Professor Lucas, author of the report said: “Taking children to play outside in the sun could be life-changing. It doesn’t have to be all at the same time. But we found children who were outside and exposed to the sun for an extra half hour a day in total, had a lower risk of developing IBD by almost 20 per cent. Every 10 minutes of sun exposure was associated with a lower risk of developing inflammatory bowel disease by six per cent.”
Australia, incidentally, has one of the highest rates of IBD.
This report adds to the growing body of evidence that sun exposure (and/or Vitamin D) might reduce the risk of autoimmune diseases in general. Similar reports suggest there may also be benefits to cumulative sun exposure. Which is why I’ll be repeating my ‘summer of sun’ experiment in the admittedly-meagre rays of the UK, every summer from now on.
And for those of you who live in locations where the sun is too strong to risk going without sunscreen (or who simply feel happier when lotioned), take heart – possibly – from a recent report that found Vitamin D levels increased despite the use of an SPF 15 sun screen. NB this was Tenerife ‘with a very high UV index’. If I restricted myself to SPF 15 while sunbathing in Tenerife I’d be burnt to a crisp within minutes. What we really need is research that investigates whether Vitamin D can be made on skin slathered in 30+ SPF sun screens (which is what most dermatologists recommend). So far, no one has done this. Why not?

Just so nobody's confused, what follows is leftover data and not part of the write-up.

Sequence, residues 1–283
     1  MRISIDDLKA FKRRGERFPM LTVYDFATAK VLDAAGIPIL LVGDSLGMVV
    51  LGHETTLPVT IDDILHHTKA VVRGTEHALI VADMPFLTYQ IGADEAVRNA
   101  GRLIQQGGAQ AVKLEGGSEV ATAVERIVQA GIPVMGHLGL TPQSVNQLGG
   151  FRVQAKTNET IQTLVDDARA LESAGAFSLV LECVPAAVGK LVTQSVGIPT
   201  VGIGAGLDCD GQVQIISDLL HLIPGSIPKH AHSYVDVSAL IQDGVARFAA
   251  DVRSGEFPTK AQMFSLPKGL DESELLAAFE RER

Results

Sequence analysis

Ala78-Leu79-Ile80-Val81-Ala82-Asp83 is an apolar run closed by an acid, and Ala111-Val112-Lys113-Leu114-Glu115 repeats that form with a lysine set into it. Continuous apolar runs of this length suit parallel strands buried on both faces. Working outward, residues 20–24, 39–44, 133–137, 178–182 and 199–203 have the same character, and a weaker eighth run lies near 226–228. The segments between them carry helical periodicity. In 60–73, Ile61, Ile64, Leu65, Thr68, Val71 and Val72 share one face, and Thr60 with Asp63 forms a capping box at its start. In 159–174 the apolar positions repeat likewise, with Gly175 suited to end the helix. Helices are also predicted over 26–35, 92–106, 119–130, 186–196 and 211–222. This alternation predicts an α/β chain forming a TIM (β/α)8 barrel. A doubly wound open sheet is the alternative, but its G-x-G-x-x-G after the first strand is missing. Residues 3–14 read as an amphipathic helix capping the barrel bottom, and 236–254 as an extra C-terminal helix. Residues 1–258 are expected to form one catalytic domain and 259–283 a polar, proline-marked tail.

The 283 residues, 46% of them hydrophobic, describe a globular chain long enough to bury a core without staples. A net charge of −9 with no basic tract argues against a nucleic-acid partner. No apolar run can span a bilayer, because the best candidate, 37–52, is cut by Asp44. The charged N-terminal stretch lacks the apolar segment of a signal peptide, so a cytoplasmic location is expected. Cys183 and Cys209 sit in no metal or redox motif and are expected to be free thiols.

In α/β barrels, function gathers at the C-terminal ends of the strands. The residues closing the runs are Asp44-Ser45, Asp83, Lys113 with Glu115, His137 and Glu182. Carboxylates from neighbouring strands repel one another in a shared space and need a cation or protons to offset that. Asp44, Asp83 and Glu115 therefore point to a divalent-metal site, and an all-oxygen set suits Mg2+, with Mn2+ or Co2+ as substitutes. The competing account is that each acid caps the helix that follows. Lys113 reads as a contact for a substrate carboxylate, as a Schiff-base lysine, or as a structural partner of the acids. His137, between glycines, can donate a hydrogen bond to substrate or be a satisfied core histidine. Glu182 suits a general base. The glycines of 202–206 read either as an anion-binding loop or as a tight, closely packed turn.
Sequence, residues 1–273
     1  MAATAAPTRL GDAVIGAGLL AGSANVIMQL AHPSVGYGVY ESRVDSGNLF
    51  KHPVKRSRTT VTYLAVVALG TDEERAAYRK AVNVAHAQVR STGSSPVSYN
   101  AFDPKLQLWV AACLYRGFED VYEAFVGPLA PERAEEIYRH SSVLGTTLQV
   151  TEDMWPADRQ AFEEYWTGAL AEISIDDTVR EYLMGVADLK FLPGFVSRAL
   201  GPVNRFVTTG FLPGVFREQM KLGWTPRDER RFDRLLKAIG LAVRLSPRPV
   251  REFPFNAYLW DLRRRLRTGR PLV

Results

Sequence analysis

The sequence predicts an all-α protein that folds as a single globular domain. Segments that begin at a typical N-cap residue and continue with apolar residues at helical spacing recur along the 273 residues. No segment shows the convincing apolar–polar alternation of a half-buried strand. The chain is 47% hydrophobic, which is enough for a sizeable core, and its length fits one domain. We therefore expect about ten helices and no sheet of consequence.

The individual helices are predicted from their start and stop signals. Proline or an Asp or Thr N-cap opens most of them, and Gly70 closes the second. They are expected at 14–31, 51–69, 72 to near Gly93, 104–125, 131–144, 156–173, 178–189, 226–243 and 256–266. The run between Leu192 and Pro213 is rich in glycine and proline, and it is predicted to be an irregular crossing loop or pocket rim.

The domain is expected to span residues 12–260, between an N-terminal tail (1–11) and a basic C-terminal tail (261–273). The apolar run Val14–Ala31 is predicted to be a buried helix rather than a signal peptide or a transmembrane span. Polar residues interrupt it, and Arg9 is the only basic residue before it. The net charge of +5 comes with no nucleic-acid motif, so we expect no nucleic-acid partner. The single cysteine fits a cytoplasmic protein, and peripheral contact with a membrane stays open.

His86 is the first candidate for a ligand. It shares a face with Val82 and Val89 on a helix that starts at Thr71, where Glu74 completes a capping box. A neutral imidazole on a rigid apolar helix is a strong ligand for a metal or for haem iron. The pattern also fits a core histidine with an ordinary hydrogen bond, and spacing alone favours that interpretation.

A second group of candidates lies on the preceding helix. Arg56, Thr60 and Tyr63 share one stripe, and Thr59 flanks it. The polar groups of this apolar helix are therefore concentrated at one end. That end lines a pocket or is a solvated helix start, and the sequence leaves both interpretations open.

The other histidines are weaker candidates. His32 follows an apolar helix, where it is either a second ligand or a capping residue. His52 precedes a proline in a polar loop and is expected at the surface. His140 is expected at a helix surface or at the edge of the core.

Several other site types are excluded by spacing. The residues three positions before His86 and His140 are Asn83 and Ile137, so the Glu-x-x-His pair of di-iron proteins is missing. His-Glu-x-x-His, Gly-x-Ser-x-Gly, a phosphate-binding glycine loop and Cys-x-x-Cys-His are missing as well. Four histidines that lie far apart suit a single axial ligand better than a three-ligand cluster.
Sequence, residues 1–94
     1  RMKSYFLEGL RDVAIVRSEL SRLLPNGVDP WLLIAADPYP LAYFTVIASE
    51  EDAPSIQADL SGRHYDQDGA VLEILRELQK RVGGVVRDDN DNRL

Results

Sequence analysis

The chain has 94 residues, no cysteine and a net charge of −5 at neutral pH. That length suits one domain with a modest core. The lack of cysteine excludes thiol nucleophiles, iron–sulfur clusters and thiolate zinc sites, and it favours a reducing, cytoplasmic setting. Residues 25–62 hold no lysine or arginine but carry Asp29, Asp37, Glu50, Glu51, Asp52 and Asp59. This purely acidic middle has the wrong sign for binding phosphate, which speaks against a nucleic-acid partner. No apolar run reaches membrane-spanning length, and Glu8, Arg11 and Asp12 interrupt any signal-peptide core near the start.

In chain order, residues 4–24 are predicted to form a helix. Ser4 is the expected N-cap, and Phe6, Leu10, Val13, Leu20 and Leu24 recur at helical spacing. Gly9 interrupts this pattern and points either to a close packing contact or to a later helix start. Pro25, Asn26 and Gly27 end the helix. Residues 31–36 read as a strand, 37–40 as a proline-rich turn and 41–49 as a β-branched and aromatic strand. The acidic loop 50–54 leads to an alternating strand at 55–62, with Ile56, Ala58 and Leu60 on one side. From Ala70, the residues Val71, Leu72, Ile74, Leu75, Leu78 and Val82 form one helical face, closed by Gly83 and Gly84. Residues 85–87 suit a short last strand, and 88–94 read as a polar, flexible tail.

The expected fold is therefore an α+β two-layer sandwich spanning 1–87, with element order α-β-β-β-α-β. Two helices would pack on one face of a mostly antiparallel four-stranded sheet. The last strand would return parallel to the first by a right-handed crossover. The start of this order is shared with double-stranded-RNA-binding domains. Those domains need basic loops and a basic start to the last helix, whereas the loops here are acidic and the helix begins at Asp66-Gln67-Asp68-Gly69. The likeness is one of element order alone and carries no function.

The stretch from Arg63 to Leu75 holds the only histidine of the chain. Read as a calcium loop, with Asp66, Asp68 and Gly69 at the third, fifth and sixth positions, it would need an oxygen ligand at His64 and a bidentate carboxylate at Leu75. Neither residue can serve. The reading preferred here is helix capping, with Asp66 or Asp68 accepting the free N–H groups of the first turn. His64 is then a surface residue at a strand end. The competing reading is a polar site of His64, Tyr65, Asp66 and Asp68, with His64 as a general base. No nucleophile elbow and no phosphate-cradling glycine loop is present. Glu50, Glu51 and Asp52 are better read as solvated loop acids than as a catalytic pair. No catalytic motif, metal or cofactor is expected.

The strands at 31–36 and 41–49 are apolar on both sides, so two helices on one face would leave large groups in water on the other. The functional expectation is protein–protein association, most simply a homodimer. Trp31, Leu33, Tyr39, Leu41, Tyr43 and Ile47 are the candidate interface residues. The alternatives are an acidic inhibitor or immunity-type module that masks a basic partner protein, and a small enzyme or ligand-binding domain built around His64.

More importantly, this study found that broad spectrum sunscreen enabled higher Vitamin D synthesis than a low UVA protective sunscreen. So if you’re buying a sunscreen make it one that protects from both UVA and UVB rays.
There’s another element to the story of sunlight which I’ll write about in an upcoming post: nitric oxide (NO). Nitric oxide – much of which is made in our skin from sunlight – is coming increasingly under the medical spotlight for its role in healthy longevity.
So. In the Northern hemisphere, sunlight (every sunny day, not too much, direct to the skin) may be more beneficial than we’ve previously thought.
Meanwhile if you’re taking a Vitamin D supplement it should be D3 not D2. And if, like me, you’re building new bone, be sure to include Vitamin K-rich foods in your diet. When it comes to building bone, new studies show that a combination of Vitamins D and K2 is particularly beneficial for post-menopausal women. Our chicken liver salad (while sitting in the sun) should do it.
My thanks to Linda Geddes, whose recent lecture and excellent book (Chasing the Sun: The New Science of Sunlight and How it Shapes our Bodies and Minds) helped inspire the research and writing of this post.